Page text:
Happy 2014 friends!
The last half of 2013 was an absolute whirlwind for me at the studio, with many exciting (and unexpected) projects which I'll be sharing with you later this year. The first of which is really sort of a big deal to me:
Simplicity Pattern 1477
I have had a lifelong love affair with sewing patterns. As a child with limited allowance and unlimited time, I was struck with the idea that I could combine fabric and thread into something which could then transform me into something magical.
"The Wind", the first costume I designed and sewed (age 6) - no pattern required.
As I grew older I was allowed to ride my bike to the local Piece Goods Shop, where I would pore over the glossy pattern catalogs for hours and make wish lists on slips of paper with the little red pencils provided for the task. I waited for the 50% off sale day, then used my allowance to buy my favorites. Somehow just owning the pattern to make something was as good as having it in my closet.
Modeling a simple blue chambray dress I made from a Vogue Pattern at 16. The collar has vintage lace trim.
As a teenager, sewing was a medium to explore and develop a style which was unique to me. It was definitely a learning process! There were tears over a party dress which was not going to be finished in time for the party, and a purple panne velvet catsuit that is definitely best left to fashion history. My Mom and my Uncle Chapman (an amazing designer and FIT Grad) bailed me out on several occasions. But there were many successes and triumphs, and each one started with a little paper pattern envelope.
My Senior Prom dress, made by combining several patterns, with the help of my Uncle Chapman. I hand pieced and beaded the bodice, the skirt is knee-length. My Mom told me at the time that I did not need the gloves and tulle wrap, she was right.
When I got to college I learned to draft patterns myself, but I still collect vintage patterns for the beauty of the illustrations and the detailed technique descriptions. I love to find ones with notes in the margins - the names and measurements of the children it was made for or fabric swatches with rusted pins embedded in them.
Recent mother/daughter finds at a flea market
You can imagine my excitement when Simplicity Patterns contacted me last year to license styles from Little Goodall.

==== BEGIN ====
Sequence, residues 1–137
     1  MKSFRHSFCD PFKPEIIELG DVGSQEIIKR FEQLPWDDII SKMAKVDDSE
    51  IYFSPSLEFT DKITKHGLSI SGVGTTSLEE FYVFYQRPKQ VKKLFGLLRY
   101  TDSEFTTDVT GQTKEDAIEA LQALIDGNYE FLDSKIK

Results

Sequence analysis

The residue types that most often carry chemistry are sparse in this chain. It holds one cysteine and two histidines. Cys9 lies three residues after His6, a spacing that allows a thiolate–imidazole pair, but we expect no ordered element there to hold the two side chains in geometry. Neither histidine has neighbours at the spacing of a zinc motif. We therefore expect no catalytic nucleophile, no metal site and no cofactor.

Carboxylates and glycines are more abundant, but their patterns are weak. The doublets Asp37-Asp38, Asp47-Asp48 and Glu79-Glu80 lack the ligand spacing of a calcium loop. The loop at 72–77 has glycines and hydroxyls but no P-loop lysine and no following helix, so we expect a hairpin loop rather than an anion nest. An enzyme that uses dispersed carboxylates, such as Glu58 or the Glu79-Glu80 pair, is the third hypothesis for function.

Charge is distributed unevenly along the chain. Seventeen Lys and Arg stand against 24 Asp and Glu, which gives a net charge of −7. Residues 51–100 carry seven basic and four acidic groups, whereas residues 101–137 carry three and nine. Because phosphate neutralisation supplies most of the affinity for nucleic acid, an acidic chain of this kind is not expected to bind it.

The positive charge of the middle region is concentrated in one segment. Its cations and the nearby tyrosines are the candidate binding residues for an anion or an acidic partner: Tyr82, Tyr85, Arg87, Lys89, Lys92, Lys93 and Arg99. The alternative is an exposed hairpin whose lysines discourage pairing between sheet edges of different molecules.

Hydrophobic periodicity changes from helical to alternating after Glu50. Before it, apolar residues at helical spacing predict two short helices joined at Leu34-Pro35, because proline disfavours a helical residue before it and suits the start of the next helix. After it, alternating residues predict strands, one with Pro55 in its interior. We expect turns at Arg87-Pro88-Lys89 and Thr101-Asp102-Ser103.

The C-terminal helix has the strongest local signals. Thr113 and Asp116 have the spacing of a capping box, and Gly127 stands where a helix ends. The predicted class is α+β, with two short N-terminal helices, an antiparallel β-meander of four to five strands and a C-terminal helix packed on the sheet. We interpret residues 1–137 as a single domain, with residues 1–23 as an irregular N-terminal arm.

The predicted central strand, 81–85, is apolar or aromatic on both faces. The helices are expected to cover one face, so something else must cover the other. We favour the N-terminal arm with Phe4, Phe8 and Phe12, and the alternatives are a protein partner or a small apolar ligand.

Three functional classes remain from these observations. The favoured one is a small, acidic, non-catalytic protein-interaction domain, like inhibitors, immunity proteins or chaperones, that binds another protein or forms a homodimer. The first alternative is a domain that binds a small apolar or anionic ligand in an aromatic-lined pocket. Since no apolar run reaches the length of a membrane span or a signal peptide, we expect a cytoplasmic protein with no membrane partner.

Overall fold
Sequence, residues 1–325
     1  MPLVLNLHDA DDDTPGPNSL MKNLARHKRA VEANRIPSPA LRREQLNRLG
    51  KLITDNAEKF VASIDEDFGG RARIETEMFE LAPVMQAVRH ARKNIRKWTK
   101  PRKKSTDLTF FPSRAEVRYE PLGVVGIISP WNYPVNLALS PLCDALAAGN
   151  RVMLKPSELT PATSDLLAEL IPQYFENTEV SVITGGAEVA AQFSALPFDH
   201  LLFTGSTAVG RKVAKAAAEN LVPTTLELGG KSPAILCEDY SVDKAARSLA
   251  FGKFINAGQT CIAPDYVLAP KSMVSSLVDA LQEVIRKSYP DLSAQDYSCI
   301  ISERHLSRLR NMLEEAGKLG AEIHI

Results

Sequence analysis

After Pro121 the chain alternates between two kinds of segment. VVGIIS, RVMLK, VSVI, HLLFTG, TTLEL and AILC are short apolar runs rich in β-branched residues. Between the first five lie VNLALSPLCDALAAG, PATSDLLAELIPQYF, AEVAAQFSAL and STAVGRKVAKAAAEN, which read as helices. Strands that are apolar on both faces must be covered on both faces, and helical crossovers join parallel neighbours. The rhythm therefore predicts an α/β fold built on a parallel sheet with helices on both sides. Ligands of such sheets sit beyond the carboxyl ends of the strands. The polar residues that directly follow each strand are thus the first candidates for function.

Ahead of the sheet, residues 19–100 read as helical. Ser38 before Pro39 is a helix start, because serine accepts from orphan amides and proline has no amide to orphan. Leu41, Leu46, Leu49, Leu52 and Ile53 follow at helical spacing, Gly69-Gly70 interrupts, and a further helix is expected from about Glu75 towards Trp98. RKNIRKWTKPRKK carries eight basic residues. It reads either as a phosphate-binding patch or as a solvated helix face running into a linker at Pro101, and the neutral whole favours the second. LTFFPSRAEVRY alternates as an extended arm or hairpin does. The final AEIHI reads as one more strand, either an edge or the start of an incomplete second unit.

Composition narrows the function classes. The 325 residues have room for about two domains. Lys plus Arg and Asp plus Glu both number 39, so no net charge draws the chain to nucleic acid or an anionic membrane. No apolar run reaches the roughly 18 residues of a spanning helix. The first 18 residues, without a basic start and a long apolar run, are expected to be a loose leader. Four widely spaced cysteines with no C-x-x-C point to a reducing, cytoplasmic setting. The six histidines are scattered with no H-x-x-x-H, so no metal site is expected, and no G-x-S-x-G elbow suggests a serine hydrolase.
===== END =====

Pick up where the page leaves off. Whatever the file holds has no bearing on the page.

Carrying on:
I love this for two reasons : There is nothing more special than a garment handmade for you by someone you love, and it makes my coats available to many more people.
The style they requested was the Fox. This was the second coat style I designed (the first was the lion) and made, on my dining room table, for my little son. Making it was an important creative moment for me at a low point. I was a stay at home mom who had recently closed the children's art studio she had nurtured for five years, and who was struggling to find her feet again. If I told her today that there would be a pattern out there with her name on it, she would have fallen off her chair.
Making things with your hands can be powerful!
The folks at Simplicity were a delight to work with, and the end result is in stores worldwide wherever Simplicity patterns are sold. It is not yet available on their website, I am told because they are making some changes (to the website, not the pattern) but should be available there soon.
That is my son modeling the Fox Coat, and my friend Wendy's daughter Quin in the Raccoon Coat. They had lots of fun at the photo shoot with the big red balloon!
I cannot wait to see what everyone does to customize the coats when they sew them - if you give it a try, please share photos with me!
Also, I am curious to know,what are your favorite sewing pattern memories? And what other Little Goodall styles would you like to see in a pattern?